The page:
The latest RAJAR figures are out and it looks like good news for breakfast shows. For those of you not in the know, RAJAR stands for Radio Joint Audience Research and it’s the official body in charge of measuring radio audiences in the UK; the organisation is jointly owned by the BBC and Radiocentre, on behalf of the commercial sector.
The RAJAR Audio Survey is designed to provide context and insight into how, when and where audio content is being consumed within this liberated environment. The figures include device usage, activities, location and who listened. Podcasts, live and catch up radio and on-demand music services are all wrapped up in the numbers.
It is always interesting from a broadcast PR perspective to see each quarter how stations have fluctuated and analyse the shifts. This last period wraps up the end of 2017 and we can look forward to what to expect in 2018.
The standout figures from the recent data have to be a boost in breakfast show listenership. In the last blog I wrote around radio figures, I lamented the huge losses in reach that Nick Grimshaw’s flagship BBC Radio 1 Breakfast Show was experiencing, whilst lauding the gains that early morning rival Chris Moyles was getting for his Radio X Breakfast Show.
Whilst Moyles has posted a record audience for his show, as the station hits its biggest reach ever, Grimshaw has also seen a big revival in figures. He attracted 6.16 million listeners, the biggest weekly reach in two years and has increased from 5.29 million last quarter and 5.82m last year, according to the latest figures. Moyles’ audience grew by nearly a third in 2017 to 910,000 listeners a week, and the station overall has hit 1.6m for the first time. He has seen his audience grow for the last seven quarters.
So these figures suggest that there is room for the two, rather than purely them competing for the same pot.
But to put these numbers into context: without question they are impressive figures, but the rise is seen almost across the board for radio,especially at breakfast time. At breakfast, the main five BBC networks have all increased reach compared with last quarter, as have the major commercial outlets, including Absolute, Classic FM, Kiss, Magic and Radio X breakfast shows. The only broadcaster to have lost audience this quarter is TalkSPORT.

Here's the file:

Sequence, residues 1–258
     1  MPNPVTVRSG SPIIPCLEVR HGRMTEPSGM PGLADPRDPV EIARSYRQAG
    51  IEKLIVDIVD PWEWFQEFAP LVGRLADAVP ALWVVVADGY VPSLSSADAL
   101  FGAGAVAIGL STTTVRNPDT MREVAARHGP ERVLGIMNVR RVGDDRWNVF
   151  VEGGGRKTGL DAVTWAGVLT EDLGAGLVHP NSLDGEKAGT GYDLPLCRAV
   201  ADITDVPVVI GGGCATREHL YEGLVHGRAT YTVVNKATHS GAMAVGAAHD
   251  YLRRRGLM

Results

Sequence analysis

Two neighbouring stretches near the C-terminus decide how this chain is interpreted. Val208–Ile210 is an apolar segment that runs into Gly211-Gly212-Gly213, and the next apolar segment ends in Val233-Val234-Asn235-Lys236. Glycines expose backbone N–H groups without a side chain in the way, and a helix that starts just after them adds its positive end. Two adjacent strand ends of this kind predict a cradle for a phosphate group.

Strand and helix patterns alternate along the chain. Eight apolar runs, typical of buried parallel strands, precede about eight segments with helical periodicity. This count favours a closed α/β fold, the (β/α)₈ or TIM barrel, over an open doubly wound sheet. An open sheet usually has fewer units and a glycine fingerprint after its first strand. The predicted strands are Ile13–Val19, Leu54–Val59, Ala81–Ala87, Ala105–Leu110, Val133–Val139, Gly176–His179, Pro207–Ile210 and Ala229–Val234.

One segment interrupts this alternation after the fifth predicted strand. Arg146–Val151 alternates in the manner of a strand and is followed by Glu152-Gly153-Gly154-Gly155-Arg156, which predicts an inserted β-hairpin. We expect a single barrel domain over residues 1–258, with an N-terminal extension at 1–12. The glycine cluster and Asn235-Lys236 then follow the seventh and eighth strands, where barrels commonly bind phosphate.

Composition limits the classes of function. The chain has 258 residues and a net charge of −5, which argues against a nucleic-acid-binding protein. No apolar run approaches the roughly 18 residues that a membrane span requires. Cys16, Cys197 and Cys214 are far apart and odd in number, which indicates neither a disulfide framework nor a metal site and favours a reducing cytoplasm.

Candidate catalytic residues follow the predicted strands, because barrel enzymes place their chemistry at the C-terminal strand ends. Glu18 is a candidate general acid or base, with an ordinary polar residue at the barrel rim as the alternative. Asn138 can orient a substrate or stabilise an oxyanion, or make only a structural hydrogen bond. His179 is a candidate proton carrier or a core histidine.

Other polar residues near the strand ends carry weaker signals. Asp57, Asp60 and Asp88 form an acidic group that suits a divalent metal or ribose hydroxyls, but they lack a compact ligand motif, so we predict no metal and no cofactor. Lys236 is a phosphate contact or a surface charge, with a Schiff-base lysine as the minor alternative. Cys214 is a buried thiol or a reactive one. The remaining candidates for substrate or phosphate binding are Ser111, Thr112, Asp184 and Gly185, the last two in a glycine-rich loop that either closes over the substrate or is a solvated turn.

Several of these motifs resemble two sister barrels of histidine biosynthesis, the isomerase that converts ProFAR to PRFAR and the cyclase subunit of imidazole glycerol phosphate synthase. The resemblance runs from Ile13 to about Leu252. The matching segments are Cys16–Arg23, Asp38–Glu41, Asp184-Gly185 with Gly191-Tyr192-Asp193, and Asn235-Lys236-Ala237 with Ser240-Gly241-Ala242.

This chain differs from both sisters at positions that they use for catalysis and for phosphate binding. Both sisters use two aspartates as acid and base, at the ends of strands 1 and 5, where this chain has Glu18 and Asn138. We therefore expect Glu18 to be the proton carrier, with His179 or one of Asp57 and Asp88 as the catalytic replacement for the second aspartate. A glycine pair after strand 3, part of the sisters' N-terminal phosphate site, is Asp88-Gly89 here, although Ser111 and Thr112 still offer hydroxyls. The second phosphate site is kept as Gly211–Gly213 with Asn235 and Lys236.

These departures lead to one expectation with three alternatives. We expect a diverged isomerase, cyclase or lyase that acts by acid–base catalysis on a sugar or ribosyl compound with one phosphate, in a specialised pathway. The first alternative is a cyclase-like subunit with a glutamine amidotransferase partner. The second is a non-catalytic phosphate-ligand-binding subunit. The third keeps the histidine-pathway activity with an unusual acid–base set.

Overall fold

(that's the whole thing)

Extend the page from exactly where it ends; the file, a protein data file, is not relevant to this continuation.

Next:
Indeed, Bob Shennan, the BBC’s Director of Radio and Music told the website “Radio Today”:
‘’Whether it’s music and top guests with Nick or Chris, agenda–setting news and analysis on the Today programme or lively discussion on 5 live, millions of people choose to start their day with radio.’’
On BBC Radio 2, the Chris Evans Breakfast Show continues to attract huge audiences with 9.43 million listening each week (up from 9.35m last quarter and 9.21m last year), it’s highest reach since 2016.
The big commercial winners compared with the previous quarter are Capital Xtra (reach is up 22.4% to 777,000), Premier Christian Radio (up 11.8% to 142k) and LBC 97.3 (up 9.5% to 1.215m). There’s good growth in reach too in London for Kiss, Radio X and Absolute Radio. A big mention too for BBC Radio London, which has seen reach shoot up almost 60% in the last 12 months – it’s up 26.4% quarter-on-quarter too – to 574,000, after it had seen some poor figures in recent times.
Heart remains the UK’s biggest commercial radio brand reaching 9.2m people every week. Capital is second on 8.3m.
Ashley Tabor OBE, Founder & Executive President of Global, was also quoted on “Radio Today” as saying: “Global continues to lead the market in the UK with some great results across our portfolio of stations. In the fiercely competitive London market, I’m delighted that Capital leads on reach and LBC on share, giving Global the lead in both measures, whilst Heart, Capital and Classic are the UK’s biggest three commercial radio brands.”
Richard Park, Group Executive Director & Director of Broadcasting at Global, added: “In its 25th birthday year, it’s fitting that Classic FM adds more than 300,000 listeners which is a huge achievement. Capital XTRA and Radio X have pulled in record numbers, both reaching 1.6m listeners every week which is also a very strong performance.”
The rise in figures across the board is heartening after some big losses in 2017. But what does this mean for PR? We have larger listening figures in both BBC and commercial outlets, so the total audience reach is going to be greater. More significant however is that these figures are not just for music stations but for conversational shows and talk radio too. This makes the prospect of a broadcast PR campaign even more enticing as the power of radio sees no sign of abating.